The U.S. Justice Department sued Apple Inc. (Nasdaq: AAPL) and French publisher Hachette, owner of Macmillan, on Wednesday for allegedly fixing the price of e-books.
Three other publishers -- Simon & Schuster Inc, Hachette Book Group and HarperCollins Publishers Inc -- are working to avoid the legal battle and may reach a settlement by Wednesday. Bloomberg also reports that the Penguin Group is preparing to fight the US Justice Department in the court, if needed.
Representatives of Apple and the five publishers have declined to comment to the media regarding the report. Apple and Macmillan have denied that they acted jointly to raise prices.
Apple shares, though, rose $4.96 to $633.40.
Apple faces allegations that the company persuaded publishers to change how they priced their e-books before the introduction of the iPad in April 2010.
The Wall Street Journal had reported in March there were allegations that under an agency model, several of the book publishers set e-book prices themselves and Apple received a 30 percent cut. This would hurt the traditional wholesale model, where publishers set the retail price and the retailers set the sales price.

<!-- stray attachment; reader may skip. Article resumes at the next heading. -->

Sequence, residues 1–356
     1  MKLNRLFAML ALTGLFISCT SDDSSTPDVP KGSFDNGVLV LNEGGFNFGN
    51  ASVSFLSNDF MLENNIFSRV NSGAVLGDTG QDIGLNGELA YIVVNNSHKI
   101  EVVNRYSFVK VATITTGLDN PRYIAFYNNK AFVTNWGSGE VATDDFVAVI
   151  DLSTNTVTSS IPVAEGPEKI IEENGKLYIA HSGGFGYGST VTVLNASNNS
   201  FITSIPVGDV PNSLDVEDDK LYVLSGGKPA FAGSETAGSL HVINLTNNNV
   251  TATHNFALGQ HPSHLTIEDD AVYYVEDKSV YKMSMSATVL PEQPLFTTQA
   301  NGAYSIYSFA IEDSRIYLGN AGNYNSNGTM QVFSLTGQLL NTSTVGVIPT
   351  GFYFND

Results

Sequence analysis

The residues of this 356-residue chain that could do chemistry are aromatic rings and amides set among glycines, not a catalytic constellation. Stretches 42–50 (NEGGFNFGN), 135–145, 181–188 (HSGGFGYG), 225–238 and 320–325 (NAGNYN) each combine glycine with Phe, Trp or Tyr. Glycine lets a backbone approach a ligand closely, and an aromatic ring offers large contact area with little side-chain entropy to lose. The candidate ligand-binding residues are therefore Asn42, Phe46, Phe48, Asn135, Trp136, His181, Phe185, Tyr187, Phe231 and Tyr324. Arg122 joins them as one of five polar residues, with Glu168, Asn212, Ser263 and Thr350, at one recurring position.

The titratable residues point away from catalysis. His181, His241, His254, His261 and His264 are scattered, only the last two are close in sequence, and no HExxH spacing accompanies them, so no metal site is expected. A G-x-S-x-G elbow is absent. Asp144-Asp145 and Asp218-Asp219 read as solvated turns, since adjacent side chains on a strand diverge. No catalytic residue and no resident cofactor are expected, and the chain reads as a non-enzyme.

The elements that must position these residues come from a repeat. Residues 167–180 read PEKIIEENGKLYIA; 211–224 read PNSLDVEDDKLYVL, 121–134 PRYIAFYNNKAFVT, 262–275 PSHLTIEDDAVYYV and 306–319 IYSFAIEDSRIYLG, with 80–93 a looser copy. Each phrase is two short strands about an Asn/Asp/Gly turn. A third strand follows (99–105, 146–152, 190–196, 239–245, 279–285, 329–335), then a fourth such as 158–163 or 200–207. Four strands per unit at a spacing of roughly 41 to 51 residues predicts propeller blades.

The pricing model came into force in 2010 after the book publishers had asked Amazon Inc. to increase the price of e-books on its website. Amazon offered new bestsellers at $9.99 to attract its Kindle readers. Several publishers have argued that the practice hurts their ability to sell more expensive titles.
In 2011, a lawsuit was filed against Apple and the publishers, objecting to the pricing model. The plaintiffs listed in the lawsuit are Anthony Petru of Oakland, Calif., and Marcus Mathis of Natchez, Miss. The lawsuit has sought restitution and damages to parties included in the suit and also declaration that the agency pricing model is illegal.